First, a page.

Thorson’s late fumble at goal line dooms Northwestern in defeat

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EVANSTON, IL- SEPTEMBER 03: Clayton Thorson #18 of the Northwestern Wildcats passes over Keion Adams #1 of the Western Michigan Broncos during the first half on September 3, 2016 at Ryan Field in Evanston, Illinois. (Photo by David Banks/Getty Images)

It was a beautiful Saturday for Northwestern’s opener. But in the end, Western Michigan was the team basking in the sun after a

22-21 upset victory.

And NU was left with some explaining to do before it goes back to the drawing board. This was very different from a year ago, when the Wildcats enjoyed a surprise opening win over Stanford, which wound up in the Rose Bowl.

‘‘I would remind [people] that the sky’s not falling,’’ coach Pat Fitzgerald said. ‘‘Annie. The sun will come up tomorrow. You go back to work. Look at the Stanford team that came in here a year ago that we beat and they go on a great run.’’

Only a few days into the season, other teams also are dealing with adversity.

‘‘I’m sure the fans in Knoxville aren’t very happy even though they won a football game,’’ Fitzgerald said of Tennessee’s overtime escape against Appalachian State on Thursday. ‘‘But when we don’t win, nobody’s more disappointed than I am, and more importantly, the young men in the locker room.’’

In a game in which Western Michigan held the upper hand for most of it, the Wildcats had a chance to take the lead with three minutes to go. But quarterback Clayton Thorson fumbled on the 1-yard line. The ball went into the end zone, where Broncos safety Davontae Ginwright picked it up while going out of bounds, then inexplicably threw it back into play, and Northwestern fell on it. The officials ruled it a touchback after determining that Ginwright was out of bounds when he had the ball.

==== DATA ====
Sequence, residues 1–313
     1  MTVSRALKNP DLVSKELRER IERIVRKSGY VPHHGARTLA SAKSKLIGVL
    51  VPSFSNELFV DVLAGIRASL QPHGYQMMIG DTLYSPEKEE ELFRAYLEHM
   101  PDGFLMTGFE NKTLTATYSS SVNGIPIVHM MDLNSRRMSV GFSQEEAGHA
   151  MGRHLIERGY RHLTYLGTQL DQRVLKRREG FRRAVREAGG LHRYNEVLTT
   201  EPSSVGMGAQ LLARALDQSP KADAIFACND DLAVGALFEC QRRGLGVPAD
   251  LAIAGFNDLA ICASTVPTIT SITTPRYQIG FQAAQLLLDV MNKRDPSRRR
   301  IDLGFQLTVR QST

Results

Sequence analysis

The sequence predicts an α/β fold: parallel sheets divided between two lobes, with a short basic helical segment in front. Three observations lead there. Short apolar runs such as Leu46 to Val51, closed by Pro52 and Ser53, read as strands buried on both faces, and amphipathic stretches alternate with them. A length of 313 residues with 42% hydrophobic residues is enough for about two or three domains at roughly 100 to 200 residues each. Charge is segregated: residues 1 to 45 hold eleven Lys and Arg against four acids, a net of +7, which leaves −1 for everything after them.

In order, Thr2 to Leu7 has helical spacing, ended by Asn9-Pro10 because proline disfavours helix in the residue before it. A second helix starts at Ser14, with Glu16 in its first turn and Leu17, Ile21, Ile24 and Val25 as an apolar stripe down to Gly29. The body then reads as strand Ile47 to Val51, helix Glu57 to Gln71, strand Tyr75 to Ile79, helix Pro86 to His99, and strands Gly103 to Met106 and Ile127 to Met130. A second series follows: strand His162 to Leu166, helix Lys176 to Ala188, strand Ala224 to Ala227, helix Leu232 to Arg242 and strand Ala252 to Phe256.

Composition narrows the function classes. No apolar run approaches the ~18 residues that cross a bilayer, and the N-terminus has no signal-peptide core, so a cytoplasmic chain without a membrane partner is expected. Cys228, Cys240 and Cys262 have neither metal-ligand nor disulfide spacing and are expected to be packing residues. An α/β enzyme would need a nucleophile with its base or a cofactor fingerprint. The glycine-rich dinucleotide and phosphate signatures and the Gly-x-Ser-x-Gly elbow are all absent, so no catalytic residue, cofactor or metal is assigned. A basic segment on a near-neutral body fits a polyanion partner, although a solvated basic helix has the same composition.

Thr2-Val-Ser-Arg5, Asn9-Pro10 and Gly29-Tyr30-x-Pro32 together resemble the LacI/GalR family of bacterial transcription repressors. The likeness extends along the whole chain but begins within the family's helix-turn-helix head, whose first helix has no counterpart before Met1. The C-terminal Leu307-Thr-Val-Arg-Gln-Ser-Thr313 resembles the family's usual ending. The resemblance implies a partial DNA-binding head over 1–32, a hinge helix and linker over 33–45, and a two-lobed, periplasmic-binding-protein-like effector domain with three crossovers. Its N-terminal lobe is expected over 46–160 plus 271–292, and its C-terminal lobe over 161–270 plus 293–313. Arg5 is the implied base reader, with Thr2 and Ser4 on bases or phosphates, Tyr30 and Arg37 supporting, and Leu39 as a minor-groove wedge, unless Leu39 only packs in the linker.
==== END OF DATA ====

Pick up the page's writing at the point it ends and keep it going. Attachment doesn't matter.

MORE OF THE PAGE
‘‘I have to hold on to the ball,’’ said Thorson, whose turnover marred a reasonable passing day (15-for-22, 196 yards). ‘‘I can’t fumble on the goal line.’’

Fitzgerald had no issue with the touchback decision.

This upset was no fluke, though.

The Broncos, who piled up 416 yards to NU’s 319, controlled the ball for 39 minutes. The final stats are even more impressive considering the Cats’ offense opened the game with a 15-play, 75-yard touchdown drive that took just over five minutes.

‘‘For us to run 53 plays and give up 84 plays,’’ Fitzgerald said, ‘‘that tells you exactly the issue: the inability to sustain drives and third-down pickups and the inability to get [the Broncos] off the field.’’

On the bright side, junior running back Justin Jackson scored three touchdowns while rushing for 124 yards on 23 carries and catching two passes for 47 yards.

Plans to reduce Jackson’s workload took a hit when backup Warren Long left the game after one carry with a hand injury.

‘‘What a game,’’ said Broncos coach P.J. Fleck, who played at Kaneland and NIU. ‘‘Our team fought extremely hard. They kept their oar in the water the whole time. I would have loved to have played another 60 minutes, kind of, but I’ll take it when it ended.’’

The Wildcats will try to shake off their disappointment against Illinois State next week.

‘‘They learned a tough lesson today,’’ Fitzgerald said. ‘‘We didn’t play a Top 25 team, but we played a team that was the preseason pick to win their [Mid-American] conference. That’s a very good team, and they executed much better than we did. The credit goes to coach Fleck and his staff and players.’’

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